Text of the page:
Sustainable Production of Biofuels from Domestic Lignocellulosic Wastes using Extremophiles

Research mentor: Dr. Rajesh K. Sani, Department of Chemical and Biological Engineering.

Biofuel process Picture

The long-term goal of the project is to develop an integrated sustainable biological process for cost-effective conversion of lignocellulosic wastes to usable power. In contrast to fossil fuels, hydrogen (H2) is renewable as it can be produced by biomass and can be converted into electrical energy in fuel cells, and is a clean energy carrier with a high energy-yield. Thus it is a promising alternative fuel of the future 23-25. In South Dakota, prairie cordgrass (PCG) is abundant, and can offer regional alternatives to corn for production of fuels. In our previous work, we selected and characterized several thermophilic microbes from core samples collected from the deep biosphere (4,850 feet deep) of the Homestake Gold Mine (Lead, SD) and Hot Springs (Thermopolis, WY) 26,27. One consortium of thermophiles is able to both, breakdown complex biomass, and then ferment the simple sugars resulting from the initial stage. This consortium (Figure 1) can grow on untreated lignocellulosic biomass (PCG) at 60°C and produces 28 ml H2/g PCG after three days.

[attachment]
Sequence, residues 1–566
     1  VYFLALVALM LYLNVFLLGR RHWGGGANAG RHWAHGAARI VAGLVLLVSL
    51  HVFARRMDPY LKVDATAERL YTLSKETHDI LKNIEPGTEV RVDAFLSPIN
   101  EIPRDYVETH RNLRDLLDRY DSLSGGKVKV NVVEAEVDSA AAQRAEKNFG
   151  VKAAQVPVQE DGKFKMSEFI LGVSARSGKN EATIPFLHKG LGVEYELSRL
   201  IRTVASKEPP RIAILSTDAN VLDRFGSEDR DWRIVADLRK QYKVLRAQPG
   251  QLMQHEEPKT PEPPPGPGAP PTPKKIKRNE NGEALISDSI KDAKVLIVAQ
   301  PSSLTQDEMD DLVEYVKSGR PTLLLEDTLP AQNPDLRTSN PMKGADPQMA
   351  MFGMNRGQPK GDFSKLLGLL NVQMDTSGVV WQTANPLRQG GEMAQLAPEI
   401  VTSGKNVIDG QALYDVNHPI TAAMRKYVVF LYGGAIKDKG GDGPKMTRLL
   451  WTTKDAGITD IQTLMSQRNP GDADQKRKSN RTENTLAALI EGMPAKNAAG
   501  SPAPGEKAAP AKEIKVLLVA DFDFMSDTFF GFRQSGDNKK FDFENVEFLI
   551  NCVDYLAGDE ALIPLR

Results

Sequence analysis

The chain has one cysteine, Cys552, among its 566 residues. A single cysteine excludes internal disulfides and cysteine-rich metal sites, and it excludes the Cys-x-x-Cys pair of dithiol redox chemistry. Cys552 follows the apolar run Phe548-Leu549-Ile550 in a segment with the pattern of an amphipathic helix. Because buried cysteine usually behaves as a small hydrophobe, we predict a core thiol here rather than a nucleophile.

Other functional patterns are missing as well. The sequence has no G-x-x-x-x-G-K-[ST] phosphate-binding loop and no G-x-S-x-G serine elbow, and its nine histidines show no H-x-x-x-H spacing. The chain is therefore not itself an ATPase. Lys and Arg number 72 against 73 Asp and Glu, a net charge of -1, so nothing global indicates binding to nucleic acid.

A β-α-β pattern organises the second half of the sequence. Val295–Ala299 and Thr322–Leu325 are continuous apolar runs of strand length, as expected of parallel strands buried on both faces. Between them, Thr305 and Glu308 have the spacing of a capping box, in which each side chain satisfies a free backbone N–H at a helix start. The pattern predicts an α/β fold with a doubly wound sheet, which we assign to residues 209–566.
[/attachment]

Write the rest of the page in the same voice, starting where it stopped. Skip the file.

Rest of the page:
SD-RET research project: One of the obstacles in converting lignocellulosic feedstocks to biofuels is the expensive physiochemical pretreatment (acid, alkali, hydrothermal, or ammonia), as well as enzyme cocktails to hydrolyze cellulose and hemicellulose into fermentable sugars 28. The inclusion of these steps reduces the overall cost-efficiency of the process. Lignocellulosic biomass is inexpensive ($2-4/GJ at a cost of $39-60/dry ton biomass) but its pretreatment cost ($15-25/GJ), along with the high cost of commercial lignocellulose-hydrolyzing enzymes, dramatically reduce the overall cost-efficiency of the process.

The SD-RET RAs will:

  • receive training in extremophiles, anaerobic microbiology, and microbial degradation kinetics,
  • convert lignocellulosic wastes into H2 using existing extremophiles, and
  • optimize various parameters including composition and concentration of wastes and microbial medium components for higher yields of H2.
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South Dakota School
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Department of Mechanical